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  • Writer's pictureMark

The Transfagarasan Road

After the beauty of northern Romania, the Happy Cemetery, the ride on the old Steam Train of the forestry railroad, and the touring of a few of the many painted Monasteries in the region, we decided that we needed a day of driving that was a little more then just going from sight to sight. We needed a day where the drive was the main attraction, and luckily Romania has a couple of roads that are rated as the most beautiful and greatest drives in the world. Luckily, or because we planned our touring around it, the Transfagrasan road - which winds its way up and over the Carpathian mountains - was just south of the city we stayed in as we came south from the Monastery tour section of our trip.

We stayed at a small home that had a great kitchen and a nice outdoor patio where we enjoyed a nice pasta dinner and then quick breakfast before heading out for our day of driving.

View from the table where we had our breakfast

From our overnight in the town of Cartisoara, we headed directly south on route 7C, the Transfagarasan road. The road south from the town is closed overnight and generally closed from October through to about May, depending on the snowfall each season, and when you leave in the morning you've got a short drive across flat fields before you start your climb up into the Carpathian mountains.

View from Cartisoara, looking south to the Carpathian mountains

And then you're into it, climbing up through the winding road and hairpin turns. We started up behind a tourist who felt like 30 kmh (18 mph) was a proper speed, and with a winding road you don't have chances to pass them, however there are an amazing amount of turn outs where you can stop and enjoy the view, or just give that slow driver some time to get far ahead of you so you can enjoy the drive yourself.

Looking back on the Transfagarasan about 1/3 of the way up the pass.

And there is a cable car that one can take up to the top of the pass

We drive up enjoying the winding roads, then stop to get out and take some photos. We see what appears to be a German camera crew filming a guy in a little Mazda MX-5 as they do runs up and down through the fun turns. Looking it up later we find that there is a post on YouTube of there test runs, but we can't see our car driving by in the background. We did at least film them doing one of their many runs -

It's a fun ride up to the top, and as we said the views are amazing. We turn around once and head back down through a few corners before turning and running back up through them again, there is a massive pay parking lot at the top with lots of stands selling food and souvenirs. Don't bother to pay for the parking, there is parking along the sides of the road right before the tunnel at the top, and if it's full just do another run or two up and down the road, spots open up pretty frequently.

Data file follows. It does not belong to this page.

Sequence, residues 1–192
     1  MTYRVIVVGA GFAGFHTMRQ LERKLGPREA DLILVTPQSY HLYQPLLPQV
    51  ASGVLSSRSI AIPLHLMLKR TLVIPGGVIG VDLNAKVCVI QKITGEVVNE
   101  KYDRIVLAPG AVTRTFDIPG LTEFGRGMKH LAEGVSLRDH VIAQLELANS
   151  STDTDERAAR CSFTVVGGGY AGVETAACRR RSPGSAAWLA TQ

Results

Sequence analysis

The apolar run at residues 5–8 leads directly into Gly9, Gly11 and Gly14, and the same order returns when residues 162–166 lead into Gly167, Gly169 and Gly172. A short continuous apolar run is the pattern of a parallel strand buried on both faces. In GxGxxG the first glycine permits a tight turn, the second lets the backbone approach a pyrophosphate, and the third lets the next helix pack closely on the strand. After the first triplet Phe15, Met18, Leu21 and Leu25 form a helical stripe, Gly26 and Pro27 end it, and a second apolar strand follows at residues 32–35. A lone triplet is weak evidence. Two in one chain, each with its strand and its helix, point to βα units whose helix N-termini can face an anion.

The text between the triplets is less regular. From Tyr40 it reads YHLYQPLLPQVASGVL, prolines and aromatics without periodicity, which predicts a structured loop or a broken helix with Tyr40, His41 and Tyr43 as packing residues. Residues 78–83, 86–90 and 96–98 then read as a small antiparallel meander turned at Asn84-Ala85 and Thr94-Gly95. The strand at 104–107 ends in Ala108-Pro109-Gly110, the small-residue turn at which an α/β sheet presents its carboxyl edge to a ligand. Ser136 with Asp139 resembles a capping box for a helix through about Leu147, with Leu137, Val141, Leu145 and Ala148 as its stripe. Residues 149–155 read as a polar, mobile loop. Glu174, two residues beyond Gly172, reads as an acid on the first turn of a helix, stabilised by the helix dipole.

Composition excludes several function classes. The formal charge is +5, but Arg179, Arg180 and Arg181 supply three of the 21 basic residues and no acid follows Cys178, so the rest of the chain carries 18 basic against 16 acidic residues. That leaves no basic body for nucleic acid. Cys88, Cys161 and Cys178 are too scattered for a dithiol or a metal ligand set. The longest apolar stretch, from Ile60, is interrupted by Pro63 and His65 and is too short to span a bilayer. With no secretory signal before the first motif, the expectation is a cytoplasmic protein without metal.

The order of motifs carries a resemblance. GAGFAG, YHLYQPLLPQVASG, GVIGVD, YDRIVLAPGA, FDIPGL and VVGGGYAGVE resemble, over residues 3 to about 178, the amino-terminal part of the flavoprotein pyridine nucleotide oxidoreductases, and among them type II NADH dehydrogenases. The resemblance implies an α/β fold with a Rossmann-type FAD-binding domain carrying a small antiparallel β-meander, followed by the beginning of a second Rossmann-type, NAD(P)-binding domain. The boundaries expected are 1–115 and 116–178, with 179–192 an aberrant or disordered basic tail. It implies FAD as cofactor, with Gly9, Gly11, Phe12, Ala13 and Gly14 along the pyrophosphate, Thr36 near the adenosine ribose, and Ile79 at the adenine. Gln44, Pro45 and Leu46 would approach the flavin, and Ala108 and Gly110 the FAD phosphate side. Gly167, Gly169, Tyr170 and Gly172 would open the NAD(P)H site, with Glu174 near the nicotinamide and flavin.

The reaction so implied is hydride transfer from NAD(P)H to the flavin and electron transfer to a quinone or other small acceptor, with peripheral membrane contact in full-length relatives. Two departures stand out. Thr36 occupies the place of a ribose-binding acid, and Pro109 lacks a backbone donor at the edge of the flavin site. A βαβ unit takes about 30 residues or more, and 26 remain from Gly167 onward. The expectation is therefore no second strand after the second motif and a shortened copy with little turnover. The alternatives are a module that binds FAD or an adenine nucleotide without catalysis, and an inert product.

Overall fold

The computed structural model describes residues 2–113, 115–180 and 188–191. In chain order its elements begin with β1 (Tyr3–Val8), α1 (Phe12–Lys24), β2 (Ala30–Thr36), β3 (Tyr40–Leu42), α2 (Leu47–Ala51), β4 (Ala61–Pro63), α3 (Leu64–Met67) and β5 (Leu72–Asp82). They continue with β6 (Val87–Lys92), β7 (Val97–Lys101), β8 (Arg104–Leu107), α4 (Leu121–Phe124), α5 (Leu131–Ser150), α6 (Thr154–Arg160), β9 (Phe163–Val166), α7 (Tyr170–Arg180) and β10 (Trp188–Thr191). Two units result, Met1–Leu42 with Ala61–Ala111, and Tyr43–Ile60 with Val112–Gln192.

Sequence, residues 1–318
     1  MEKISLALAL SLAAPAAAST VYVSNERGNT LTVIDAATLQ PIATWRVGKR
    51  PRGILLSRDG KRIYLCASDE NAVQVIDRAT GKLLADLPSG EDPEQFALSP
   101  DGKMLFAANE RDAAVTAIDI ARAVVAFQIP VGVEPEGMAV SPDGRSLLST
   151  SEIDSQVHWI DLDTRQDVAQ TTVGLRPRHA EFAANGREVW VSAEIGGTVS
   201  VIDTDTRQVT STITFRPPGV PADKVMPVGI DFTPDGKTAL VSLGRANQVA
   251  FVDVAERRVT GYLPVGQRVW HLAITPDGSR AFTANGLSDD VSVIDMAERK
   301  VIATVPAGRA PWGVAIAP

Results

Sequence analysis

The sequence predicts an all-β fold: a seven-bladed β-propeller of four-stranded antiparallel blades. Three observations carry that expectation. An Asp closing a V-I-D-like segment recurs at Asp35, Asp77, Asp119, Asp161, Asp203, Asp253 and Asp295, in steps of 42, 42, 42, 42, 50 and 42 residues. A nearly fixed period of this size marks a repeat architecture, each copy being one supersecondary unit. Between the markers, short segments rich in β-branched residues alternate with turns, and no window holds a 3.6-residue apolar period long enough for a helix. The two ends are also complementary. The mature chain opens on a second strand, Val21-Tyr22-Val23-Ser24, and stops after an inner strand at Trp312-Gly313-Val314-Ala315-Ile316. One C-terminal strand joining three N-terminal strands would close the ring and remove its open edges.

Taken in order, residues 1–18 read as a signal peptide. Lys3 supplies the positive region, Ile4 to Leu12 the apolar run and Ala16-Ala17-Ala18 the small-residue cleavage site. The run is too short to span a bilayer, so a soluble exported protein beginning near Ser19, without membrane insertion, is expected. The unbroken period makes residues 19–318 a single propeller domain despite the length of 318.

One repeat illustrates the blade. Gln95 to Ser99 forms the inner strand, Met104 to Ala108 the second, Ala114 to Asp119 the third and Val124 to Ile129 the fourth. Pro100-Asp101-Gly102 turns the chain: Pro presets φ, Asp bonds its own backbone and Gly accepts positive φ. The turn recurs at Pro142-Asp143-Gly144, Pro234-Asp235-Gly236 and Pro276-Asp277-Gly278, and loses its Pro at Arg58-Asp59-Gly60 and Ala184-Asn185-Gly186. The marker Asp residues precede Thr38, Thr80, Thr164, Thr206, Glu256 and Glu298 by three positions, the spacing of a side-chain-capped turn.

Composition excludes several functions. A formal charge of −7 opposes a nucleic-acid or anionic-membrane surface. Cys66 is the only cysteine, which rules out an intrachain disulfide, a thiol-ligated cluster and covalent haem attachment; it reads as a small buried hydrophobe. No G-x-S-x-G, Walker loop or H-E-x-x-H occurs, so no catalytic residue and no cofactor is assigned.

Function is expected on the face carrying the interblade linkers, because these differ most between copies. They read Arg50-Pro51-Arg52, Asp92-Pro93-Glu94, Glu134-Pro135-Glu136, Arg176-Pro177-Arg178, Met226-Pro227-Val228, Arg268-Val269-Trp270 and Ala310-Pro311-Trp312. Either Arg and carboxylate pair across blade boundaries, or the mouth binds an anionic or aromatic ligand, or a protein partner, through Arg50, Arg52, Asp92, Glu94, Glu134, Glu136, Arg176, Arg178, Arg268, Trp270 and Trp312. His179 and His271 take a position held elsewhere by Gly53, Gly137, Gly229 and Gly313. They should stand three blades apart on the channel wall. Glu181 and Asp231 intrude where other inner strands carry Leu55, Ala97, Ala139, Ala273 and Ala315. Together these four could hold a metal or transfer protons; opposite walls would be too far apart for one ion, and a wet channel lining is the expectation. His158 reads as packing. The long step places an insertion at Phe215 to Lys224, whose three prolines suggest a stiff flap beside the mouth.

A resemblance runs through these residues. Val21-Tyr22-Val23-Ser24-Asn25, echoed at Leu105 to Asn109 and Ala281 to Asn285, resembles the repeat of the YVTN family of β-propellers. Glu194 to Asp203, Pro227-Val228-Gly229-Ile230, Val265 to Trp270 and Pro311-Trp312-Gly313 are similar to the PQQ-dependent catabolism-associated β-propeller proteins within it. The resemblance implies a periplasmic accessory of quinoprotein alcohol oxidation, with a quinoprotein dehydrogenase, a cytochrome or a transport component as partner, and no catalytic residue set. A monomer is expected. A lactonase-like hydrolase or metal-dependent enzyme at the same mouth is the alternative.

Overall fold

Balea Lake - at the top of the pass

Once over the top, you've got just as fun a run back down the south side, just slightly less picturesque as you start to get into forests and lose the wonderful sights of the winding roads.

Don't leave your windows open if you're stopping for photos. (not our car)

Heading down you wind along the edge of Lake Vidraru and finally you get down the massive hydro-electric dam that is what created the lake.

Lake Vidraru

Vidraru Dam

Statue of "Energia" atop the hill at the dam

Just past the lake is the Poenari Fortress, something that we had read up on and planned on climbing up for a visit. The old castle is high upon a hill, 1480 steps to climb up, but it is one of the few castles that Vlad the Impaler (Dracula) actually used.

When we get to the fortress, we find that it isn't just the 1480 steps that make the trip to the top something hard to do. The gate to climb up is locked with the following note attached:

So, it's not open from 9am to the now taped over 6pm/8pm as advertised. We think about waiting the 90 minutes for the 3pm hike up, there is a restaurant nearby and we can easily eat a nice lunch and then do the hike to the top. But then we also noticed the "Shooting Fee:" on the main entry board stating that it would be 60 lei/hour ($15 USD) to take photos once we were up there, or $30 USD total if we both wanted to take photos. We are one a budget, that was enough for us to just look up at the castle, shrug and head back to the car to continue on our way.

Apparently many people complain - sign at the gift shop

Looking up to Peonari Castle

For our last night in Romania we stayed in Drobeta-Turnu Severin, a city right on the Danube and the border with Serbia. It was a quaint city, another place where we booked an apartment so that we had a washer for laundry and a kitchen so that we could cook ourselves dinner. As an added bonus, the city was having its annual medieval festival so the area down by the old fortress walls was crowded with most of the town and guys jousting and people in period dress doing archery shows and the like.

Drobeta-Turnu Severin Fortress

The next morning we headed out of Romania and into Serbia, via the border crossing over the Iron Gate - the power station dam built into the Danube River. But first, we took an additional 20 minutes to detour and see the giant rock sculpture of King Decebalus. This is a 42.9m (140 ft) face carved into the mountain side. It was paid for by a Romanian business man in 1994 and built in 10 years, so still fairly new but you can see all of the new roadside stands that have been built up to accommodate (take advantage of) all of the tourists that now flock to the area to grab some photos of the giant rock head.

From there we headed out, spending an hour on the Iron Gates Dam bridge, sitting in limbo after leaving Romania and before we were officially checked into Serbia.

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